- Nov 6, 2016
- 681 (0.42/day)
- NH, USA
|Processor||Ryzen 7 2700X|
|Motherboard||Asus ROG Strix X470-F Gaming|
|Cooling||Enermax Liqmax Iii 360mm AIO|
|Memory||G.Skill Trident Z RGB 32GB (8GBx4) 3200Mhz CL 14|
|Video Card(s)||Sapphire RX 5700XT Nitro+|
|Storage||Hp EX950 2TB NVMe M.2, HP EX950 1TB NVMe M.2, Samsung 860 EVO 2TB|
|Display(s)||LG 34BK95U-W 34" 5120 x 2160|
|Case||Lian Li PC-O11 Dynamic (White)|
|Power Supply||BeQuiet Straight Power 11 850w Gold Rated PSU|
|Mouse||Glorious Model O (Matte White)|
|Keyboard||Royal Kludge RK71|
Actually, high frequencies have made there way back into the server market due to expensive per core licensing for softwareThe server market is the obvious hit for Intel's 10nm technology.
It seems like Intel's main problem with 10nm is the low clock rates, which leads to worse performance compared to their 14nm+++++++++++ process clocked at well over 5GHz (boost). Servers don't want to boost so high. Low and slow benefits servers, as these computers are designed for maximum compute in a given datacenter (Datacenters are limited by two things: either power, or cooling... and cooling is itself limited by power).
The cache game is very interesting now. AMD offers more L3 cache than anyone else, but I've discussed the downsides of AMD's "split L3 cache" before. In short: AMD's L3 cache is only useful to a "CCX" (for Zen3: a cluster of 8 processors / 16 threads max), while L3 cache from traditional processors (Various ARM chips or Intel) are unified. Consider if 1MB from address 0x80008000 were being read-shared on a 64-core AMD chip with its 8x "split cache", there would be 8-copies of that one address (!!!), leading to 8MBs of read-data across AMD's 8x split cache (of size 256MBs): 3% of its cache. In contrast, Intel would only have 1MB in its unified 60MB L3 cache, or 1.6% of Intel's cache.
As such, large singular datasets (like Databases) will likely perform better on Intel's "smaller" 60MB L3 cache, despite AMD having 256MBs of L3 cache available. On the other hand, any workload with "split data", such as a 8-core / 16thread cloud-servers, will benefit grossly from AMD's architecture. So Azure / AWS / Google Compute are likely leaning towards AMD, while database engineers at Oracle / IBM are thinking Intel still. Or from a LAMP stack perspective: your PHP / Apache processes are most efficient on AMD, but your MySQL processes might be more efficient on Intel.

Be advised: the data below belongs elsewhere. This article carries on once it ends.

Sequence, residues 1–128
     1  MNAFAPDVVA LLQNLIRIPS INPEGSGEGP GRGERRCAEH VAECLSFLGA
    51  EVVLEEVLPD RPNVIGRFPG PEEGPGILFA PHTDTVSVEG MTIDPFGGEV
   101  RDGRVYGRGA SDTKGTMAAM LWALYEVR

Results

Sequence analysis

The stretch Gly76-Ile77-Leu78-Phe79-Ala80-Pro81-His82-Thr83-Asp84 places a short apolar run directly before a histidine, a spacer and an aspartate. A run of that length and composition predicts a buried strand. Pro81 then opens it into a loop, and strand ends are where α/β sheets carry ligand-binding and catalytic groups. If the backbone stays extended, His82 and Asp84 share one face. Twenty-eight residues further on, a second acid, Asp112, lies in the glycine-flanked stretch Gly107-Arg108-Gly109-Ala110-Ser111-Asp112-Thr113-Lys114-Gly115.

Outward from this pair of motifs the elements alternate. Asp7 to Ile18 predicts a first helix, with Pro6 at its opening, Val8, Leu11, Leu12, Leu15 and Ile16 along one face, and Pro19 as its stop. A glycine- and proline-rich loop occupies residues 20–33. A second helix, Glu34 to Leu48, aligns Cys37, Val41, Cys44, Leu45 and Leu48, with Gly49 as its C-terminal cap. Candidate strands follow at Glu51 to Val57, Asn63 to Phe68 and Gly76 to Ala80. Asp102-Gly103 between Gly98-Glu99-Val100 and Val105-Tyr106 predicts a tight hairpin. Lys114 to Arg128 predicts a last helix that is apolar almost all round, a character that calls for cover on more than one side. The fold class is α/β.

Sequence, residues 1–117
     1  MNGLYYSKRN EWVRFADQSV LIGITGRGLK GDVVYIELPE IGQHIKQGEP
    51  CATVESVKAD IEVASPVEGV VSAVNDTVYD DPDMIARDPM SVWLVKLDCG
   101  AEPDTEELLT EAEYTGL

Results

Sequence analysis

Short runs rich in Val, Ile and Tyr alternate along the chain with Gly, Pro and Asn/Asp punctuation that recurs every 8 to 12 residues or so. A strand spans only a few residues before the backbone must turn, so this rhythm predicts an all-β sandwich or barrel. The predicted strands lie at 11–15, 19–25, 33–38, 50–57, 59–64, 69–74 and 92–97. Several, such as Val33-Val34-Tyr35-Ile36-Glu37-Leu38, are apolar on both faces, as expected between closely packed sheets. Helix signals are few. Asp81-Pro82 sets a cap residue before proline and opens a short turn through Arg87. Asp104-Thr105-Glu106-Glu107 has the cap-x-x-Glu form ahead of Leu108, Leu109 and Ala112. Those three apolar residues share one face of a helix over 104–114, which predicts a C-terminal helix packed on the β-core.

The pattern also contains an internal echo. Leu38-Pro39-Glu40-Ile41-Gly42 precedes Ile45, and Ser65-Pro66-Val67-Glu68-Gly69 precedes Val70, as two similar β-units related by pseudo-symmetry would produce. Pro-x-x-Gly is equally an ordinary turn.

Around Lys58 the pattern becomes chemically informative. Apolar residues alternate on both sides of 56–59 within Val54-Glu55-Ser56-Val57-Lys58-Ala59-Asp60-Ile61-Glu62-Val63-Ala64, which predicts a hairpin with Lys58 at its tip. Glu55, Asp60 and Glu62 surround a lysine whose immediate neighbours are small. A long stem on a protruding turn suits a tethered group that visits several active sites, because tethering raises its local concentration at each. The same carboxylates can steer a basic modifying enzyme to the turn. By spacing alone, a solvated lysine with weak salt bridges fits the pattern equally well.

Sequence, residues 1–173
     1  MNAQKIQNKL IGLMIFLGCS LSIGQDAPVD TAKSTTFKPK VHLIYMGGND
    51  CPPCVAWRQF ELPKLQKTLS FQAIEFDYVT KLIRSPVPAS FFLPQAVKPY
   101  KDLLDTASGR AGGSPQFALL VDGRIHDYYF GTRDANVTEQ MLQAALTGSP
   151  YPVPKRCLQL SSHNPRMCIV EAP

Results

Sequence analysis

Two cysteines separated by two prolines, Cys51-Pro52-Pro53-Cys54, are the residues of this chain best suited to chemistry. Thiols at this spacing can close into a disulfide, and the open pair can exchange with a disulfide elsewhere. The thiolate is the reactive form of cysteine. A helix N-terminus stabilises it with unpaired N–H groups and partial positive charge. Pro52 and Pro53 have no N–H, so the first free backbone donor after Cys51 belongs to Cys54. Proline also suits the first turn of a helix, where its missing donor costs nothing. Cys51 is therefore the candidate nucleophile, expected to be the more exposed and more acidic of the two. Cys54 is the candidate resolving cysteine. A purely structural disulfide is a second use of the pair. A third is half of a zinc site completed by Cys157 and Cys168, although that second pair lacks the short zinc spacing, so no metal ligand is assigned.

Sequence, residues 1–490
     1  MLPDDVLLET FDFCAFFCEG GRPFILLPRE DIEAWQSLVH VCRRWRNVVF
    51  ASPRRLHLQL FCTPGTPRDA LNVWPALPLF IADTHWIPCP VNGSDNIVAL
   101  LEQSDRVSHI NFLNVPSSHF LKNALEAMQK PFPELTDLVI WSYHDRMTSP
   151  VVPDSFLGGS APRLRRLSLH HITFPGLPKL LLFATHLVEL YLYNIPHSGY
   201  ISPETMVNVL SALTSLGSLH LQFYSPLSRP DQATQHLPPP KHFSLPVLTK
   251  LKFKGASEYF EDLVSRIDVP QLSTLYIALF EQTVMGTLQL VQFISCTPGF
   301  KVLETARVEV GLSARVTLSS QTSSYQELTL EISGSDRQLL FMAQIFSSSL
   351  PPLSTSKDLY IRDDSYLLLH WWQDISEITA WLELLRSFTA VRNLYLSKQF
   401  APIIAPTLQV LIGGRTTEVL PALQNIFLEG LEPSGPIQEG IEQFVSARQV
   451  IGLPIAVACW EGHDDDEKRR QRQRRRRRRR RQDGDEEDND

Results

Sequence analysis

In the past, I've talked about how AMD's L3 cache has latency penalties. Lets consider that 1MB region again. If one core were to change the data, it'd have to send a MESI message to Exclusive control of the data it wishes to change. The 63 other processors then need to communicate that their L1 and L2 caches remain unchanged (Total Store Ordering: all writes must be written in order on x86 architecture). Then the core changes the data, and broadcasts the new data to all 63 other processors.
However, as latency intensive as that operation is: there's a huge benefit to AMD's architecture I never thought of till now. AMD's "chiplet + I/O" architecture, starting with Zen2 (and later), means that this kind of MESI-like negotiation of data takes place over IF without affecting DDR4 bandwidth. (Zen1 on the other hand: because DDR4 was "behind" the IFOPs, the necessary MESI messages would reduce DDR4 bandwidth). So core#63, if it was NOT reading/writing to the changed region of memory, would have full memory bandwidth to DDR4 while the cores #0 through #62 were playing with MESI messages.
Of course, Intel's unified L3 and "flatter" NUMA profile (40-cores per NUMA zone instead of AMD's 8-cores per NUMA). But it should be noted that AMD's 4x NUMA (64-core single-socket EPYC) is "more efficient" than Intel's 4x NUMA (160-core quad-socket Xeon Gold) MESI + DDR4 bandwidth perspective. Each of Intel's chips has a memory controller attached (similar to Zen1), instead of a networked I/O chip that can more efficiently allocate bandwidth (like Zen2+). That is to say: Intel's UPI has to share both DDR4 bandwidth AND MESI messages. While AMD's on-package CCXes probably don't suffer much of a DDR4 bandwidth penalty.